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Getting into SAP without much confiquration experience

Jon Reed suggests alternatives for how to get into SAP when configuration skills are lacking.

I have about 13 years of exhaustive sales experience -- including management experience -- in Japan (good communication skills too). My experience relates easily to many SCM modules and business process. Subsequently on coming to North America, in order to get into IT, I moved into Java and have about six years work experience again with good roles that could make many jealous.

Now, I want to get into SAP and got certified in SCM modules but am not getting any response at all from the market. Everyone wants to know how much SAP experience but no one cares about the functional experience. To me, an important part of SAP is the depth of actual business process understanding, and configuration is about only 20% of the complete cycle.

I was at the high end of the market during both my stints and really desperate to get into market, despite the market being hot and not getting responses. Is my age also playing a role here being in my mid 40s? What is the best approach?

It's true that SAP hiring managers expect more than just relevant functional backgrounds. They want to see a combination of a deep functional background in a relevant area COMBINED with SAP project know-how. This is the catch-22 I write about all the time in this column and the hardest one to overcome to get into SAP.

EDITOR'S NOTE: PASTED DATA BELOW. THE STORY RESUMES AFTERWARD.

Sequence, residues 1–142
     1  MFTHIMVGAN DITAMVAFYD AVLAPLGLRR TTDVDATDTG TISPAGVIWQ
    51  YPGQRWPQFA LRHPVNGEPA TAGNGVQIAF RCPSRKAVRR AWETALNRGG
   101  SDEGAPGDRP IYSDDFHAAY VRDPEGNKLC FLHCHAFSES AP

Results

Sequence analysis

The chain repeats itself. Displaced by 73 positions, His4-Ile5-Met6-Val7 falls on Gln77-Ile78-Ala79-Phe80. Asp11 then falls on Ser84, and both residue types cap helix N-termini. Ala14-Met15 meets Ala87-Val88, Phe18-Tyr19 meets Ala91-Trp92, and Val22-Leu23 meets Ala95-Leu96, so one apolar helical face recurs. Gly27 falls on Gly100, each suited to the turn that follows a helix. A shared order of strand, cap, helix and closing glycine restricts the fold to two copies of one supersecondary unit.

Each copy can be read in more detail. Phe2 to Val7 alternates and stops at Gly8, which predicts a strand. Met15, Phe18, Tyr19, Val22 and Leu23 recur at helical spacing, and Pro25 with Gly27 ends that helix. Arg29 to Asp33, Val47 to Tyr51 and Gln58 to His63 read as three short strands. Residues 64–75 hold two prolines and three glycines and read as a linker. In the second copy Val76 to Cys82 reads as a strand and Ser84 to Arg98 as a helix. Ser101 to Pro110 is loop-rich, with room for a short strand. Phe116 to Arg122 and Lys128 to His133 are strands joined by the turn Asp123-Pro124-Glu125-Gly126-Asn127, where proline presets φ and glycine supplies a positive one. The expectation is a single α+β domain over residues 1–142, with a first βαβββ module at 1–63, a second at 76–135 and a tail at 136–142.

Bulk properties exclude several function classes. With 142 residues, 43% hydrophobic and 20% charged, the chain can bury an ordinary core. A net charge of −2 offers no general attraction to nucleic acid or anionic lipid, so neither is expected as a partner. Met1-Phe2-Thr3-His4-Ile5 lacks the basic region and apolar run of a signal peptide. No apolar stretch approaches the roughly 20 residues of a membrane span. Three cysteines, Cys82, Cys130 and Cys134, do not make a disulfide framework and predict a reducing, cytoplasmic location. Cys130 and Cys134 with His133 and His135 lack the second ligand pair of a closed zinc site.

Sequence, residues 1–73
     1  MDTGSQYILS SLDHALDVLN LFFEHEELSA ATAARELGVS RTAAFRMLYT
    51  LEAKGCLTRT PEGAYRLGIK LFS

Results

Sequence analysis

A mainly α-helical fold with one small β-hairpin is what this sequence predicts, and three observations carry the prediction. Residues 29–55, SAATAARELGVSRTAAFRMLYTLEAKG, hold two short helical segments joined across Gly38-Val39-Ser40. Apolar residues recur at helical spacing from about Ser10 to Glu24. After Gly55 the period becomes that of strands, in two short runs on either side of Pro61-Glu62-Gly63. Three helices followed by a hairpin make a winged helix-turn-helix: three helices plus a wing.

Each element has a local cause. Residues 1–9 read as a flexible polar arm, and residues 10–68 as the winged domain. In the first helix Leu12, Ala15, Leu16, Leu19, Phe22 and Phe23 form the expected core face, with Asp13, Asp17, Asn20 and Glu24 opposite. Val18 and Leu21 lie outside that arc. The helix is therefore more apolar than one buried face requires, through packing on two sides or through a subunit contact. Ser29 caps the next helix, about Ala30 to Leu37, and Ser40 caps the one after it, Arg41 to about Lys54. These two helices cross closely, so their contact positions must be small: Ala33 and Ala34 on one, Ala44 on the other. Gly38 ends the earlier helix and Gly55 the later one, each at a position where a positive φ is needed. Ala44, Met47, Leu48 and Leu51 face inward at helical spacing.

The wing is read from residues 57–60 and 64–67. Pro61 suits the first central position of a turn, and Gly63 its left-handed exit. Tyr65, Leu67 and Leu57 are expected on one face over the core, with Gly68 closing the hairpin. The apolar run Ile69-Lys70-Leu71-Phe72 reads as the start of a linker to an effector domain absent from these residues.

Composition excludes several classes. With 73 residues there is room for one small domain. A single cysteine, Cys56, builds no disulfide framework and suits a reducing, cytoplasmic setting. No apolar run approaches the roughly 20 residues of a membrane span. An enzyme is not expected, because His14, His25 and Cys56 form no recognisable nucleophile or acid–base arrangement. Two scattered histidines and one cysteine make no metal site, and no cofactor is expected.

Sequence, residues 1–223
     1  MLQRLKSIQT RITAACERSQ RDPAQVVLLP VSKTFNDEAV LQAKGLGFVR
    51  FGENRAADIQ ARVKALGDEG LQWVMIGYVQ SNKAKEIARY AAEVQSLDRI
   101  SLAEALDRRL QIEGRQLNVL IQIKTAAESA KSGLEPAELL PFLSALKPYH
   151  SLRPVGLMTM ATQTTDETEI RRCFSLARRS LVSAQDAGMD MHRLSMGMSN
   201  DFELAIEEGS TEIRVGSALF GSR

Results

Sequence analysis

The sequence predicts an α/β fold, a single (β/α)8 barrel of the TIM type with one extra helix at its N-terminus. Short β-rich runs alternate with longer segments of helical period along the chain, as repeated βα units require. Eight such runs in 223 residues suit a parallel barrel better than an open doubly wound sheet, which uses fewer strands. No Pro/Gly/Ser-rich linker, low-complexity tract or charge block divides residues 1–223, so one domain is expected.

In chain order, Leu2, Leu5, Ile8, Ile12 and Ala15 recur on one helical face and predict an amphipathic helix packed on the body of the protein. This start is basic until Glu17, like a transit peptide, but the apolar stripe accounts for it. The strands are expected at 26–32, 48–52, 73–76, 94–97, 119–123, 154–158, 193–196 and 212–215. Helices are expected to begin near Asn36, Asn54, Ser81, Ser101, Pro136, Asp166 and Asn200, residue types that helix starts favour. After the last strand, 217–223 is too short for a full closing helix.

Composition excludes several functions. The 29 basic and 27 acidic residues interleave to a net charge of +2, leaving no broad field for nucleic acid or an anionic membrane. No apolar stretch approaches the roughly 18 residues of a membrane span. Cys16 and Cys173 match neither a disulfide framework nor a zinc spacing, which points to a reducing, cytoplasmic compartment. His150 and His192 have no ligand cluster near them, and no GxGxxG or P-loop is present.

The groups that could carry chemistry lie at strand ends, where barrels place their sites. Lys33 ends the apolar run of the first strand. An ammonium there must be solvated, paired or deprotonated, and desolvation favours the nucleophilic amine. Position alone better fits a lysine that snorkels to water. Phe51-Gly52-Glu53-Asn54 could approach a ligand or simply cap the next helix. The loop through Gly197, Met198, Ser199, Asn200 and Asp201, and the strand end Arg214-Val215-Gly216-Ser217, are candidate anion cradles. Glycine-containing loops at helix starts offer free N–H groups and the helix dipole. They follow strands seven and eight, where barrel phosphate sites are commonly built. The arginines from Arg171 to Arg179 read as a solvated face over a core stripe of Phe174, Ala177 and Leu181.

I can appreciate your frustration with this, and I would agree with your analysis that having deep business process knowledge is just as important as having SAP skills. I don't think I would agree that configuration knowledge is just 20% of what an SAP cycle involves. I'd put that percentage closer to 50%. It's the ability to help companies map functionality into SAP's tables and help them understand their configuration options that makes SAP consultants successful. Configuration skills, like it or not, are absolutely central to success as a functional SAP consultant. Yes, you want to surround that configuration knowledge with full life cycle experience, but configuration remains the key to the hire. It's better to recognize it and strategize on how to deal with it then pretend this isn't so.

As far as how to deal with this from your angle, if you read through the archives you'll see I answer questions on breaking into SAP with pretty much the same answer: you want to take advantage of your current skills and find a full-time job in an SAP environment. Even if that job doesn't focus much on SAP at first, the way to work your way into your first SAP role these days is from the inside of an SAP installation (as opposed to an outside consulting firm, which used to be the easiest way in). It requires persistence to break into SAP from the inside.

As for your age, I don't know how much of a factor it is. I would focus less on what's holding you back and more on developing a strategy that will get you the skills you want. Dedicate yourself to being the best supply chain consultant you can be. Focus on mastering best practices in supply chain management, going to SAP SCM conferences, learning all you can about SAP's SCM functionality, and building contacts. Make it a real passion and build a career around your know-how in this area, and you should find success -- if not in SAP, than in the broader field of supply chain management. You're right; SAP is just a tool to help companies implement SCM best practices. Master SAP and also master the best practices, and you should be in business.

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